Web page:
If the answer is ‘yes’, then what is the Tasmanian Government doing to protect and build capacity within Population Health in the Department of Health and Human Services (which in Tasmania includes Public and Environmental Health Services, Cancer Screening and Control Services, and Population Health and Wellbeing)?
To those of us on the outside, it appears, not a lot.
Population Health in Tasmania has suffered greatly already as a result of the Federal Government’s abolition of National Preventative Health Partnership Agreements.
Indeed, the Tasmanian Government attributes a reduction in Population Health funding to the cessation of National Partnership Agreements in budget forward estimates until 2018.
We certainly didn’t see the Tasmanian Government come out fighting when the Federal Government announced this decision.
This leaves me wondering just how much value our Government places on protecting and promoting the health of Tasmanians?
What isn’t apparent in the budget papers is how else Population Health will be impacted by the Tasmanian Government’s budget.
We’ve heard that a record amount of funding has been made available for health in Tasmania. So where is it being directed?
As members of the public, we’ve read that 700 public service jobs will go – but no ‘front line’ positions, only ‘back room’ workers.
Does this include our colleagues in Population Health – are they in the ‘back room’? And what if they are, does this make their roles less important? Quite the opposite!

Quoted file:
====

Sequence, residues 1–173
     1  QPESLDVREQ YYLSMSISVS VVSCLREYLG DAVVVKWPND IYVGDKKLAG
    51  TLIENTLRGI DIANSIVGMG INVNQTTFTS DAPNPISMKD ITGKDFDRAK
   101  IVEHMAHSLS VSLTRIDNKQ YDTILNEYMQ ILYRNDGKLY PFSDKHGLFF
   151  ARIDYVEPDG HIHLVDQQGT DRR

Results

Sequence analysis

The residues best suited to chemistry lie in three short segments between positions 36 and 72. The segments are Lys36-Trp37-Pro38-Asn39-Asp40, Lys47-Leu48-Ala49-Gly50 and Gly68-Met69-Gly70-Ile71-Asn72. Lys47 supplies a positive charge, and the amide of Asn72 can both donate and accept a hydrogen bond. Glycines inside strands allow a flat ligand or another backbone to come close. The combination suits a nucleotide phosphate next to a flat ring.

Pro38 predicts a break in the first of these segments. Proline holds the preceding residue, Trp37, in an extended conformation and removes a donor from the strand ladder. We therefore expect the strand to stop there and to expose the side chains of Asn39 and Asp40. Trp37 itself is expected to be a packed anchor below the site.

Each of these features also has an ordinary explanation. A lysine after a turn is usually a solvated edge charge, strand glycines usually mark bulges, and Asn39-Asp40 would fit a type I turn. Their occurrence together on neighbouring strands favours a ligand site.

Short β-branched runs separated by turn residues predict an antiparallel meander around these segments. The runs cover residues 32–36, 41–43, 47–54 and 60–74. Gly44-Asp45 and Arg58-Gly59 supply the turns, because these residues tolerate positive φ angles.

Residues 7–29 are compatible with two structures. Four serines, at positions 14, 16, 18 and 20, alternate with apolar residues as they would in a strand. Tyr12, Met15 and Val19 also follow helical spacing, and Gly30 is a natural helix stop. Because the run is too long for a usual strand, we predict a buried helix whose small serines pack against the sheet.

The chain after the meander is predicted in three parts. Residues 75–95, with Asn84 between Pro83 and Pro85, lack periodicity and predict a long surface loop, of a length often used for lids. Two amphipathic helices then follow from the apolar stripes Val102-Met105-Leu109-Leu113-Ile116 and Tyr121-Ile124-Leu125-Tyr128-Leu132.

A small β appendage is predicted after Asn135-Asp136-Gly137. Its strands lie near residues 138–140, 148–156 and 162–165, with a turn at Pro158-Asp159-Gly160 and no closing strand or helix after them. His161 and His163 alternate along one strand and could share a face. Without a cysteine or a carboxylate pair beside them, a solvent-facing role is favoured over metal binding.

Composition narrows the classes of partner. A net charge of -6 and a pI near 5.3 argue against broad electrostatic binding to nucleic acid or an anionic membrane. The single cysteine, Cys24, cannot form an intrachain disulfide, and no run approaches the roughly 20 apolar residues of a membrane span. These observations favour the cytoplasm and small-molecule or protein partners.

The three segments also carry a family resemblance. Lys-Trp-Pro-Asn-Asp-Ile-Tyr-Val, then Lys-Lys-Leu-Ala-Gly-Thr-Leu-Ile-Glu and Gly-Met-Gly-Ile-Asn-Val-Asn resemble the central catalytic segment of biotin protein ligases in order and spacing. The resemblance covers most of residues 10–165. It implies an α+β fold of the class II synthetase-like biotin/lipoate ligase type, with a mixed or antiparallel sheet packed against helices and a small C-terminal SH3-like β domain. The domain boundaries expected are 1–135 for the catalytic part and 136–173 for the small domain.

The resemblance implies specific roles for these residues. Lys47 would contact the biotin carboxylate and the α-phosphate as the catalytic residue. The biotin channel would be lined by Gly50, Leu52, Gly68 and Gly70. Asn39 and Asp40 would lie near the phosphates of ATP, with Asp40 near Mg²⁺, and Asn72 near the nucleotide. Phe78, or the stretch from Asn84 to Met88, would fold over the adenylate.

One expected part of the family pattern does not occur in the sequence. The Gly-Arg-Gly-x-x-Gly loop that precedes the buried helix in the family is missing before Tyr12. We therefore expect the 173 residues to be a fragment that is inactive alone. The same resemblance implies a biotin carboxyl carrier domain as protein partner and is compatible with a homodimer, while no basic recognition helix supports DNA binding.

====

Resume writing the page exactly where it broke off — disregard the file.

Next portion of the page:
We’ve been told that Government Departments need to find savings – just how much will the Government be looking to save from Population Health? How very short-sighted!
It is deeply concerning to me – as a public health practitioner, as a parent and a member of the community – that there is no obvious evidence that the Tasmanian Government elected in March values the protection and promotion of health. Let’s hope that this changes.
As health advocates, it is important that we continue to uphold the importance of population health, public health and health promotion, and raise our voices.
Health, after all is not merely the absence of disease or infirmity; it is a state of complete physical, mental and social well-being – and it is not possible to attain health for Tasmanians without the work of both ‘back room’ and ‘front-line’ Population Health practitioners.
• Miriam Herzfeld is a consultant, and Convener, Social Determinants of Health Advocacy Network (Tasmania, Australia)
Post Script from Croakey
Some similar themes were raised in this previous article by a senior public health leader from WA, Professor Tarun Weeramanthri, Something that’s needed saying for quite some time: the health system relies on more than the frontline players.
At the PHAA conference in Perth last week, Professor Weeramanthri was awarded the Sidney Sax Public Health Medal.
A statement by PHAA CEO Michael Moore said:
“Professor Weeramanthri is among the longest-serving Chief Health Officers in Australia, with more than ten years combined at the helm across the Northern Territory and Western Australia.
He is a highly-respected and accomplished individual and an exemplar of the 21st century Chief Health Officer: scholar, physician, and advocate for health.
His steadfast commitment to social justice, his dogged determination in championing preventive health and investment by governments, his capacity to embrace and lead change and his ability to infuse the same passion for – and commitment to – public health in others are exceptional.
Most remarkable is his unwavering commitment to public service, his faith and knowledge of what good can be achieved through working in government and his personal endeavours in making a difference to the lives and wellbeing of communities he has – and continues to – serve.”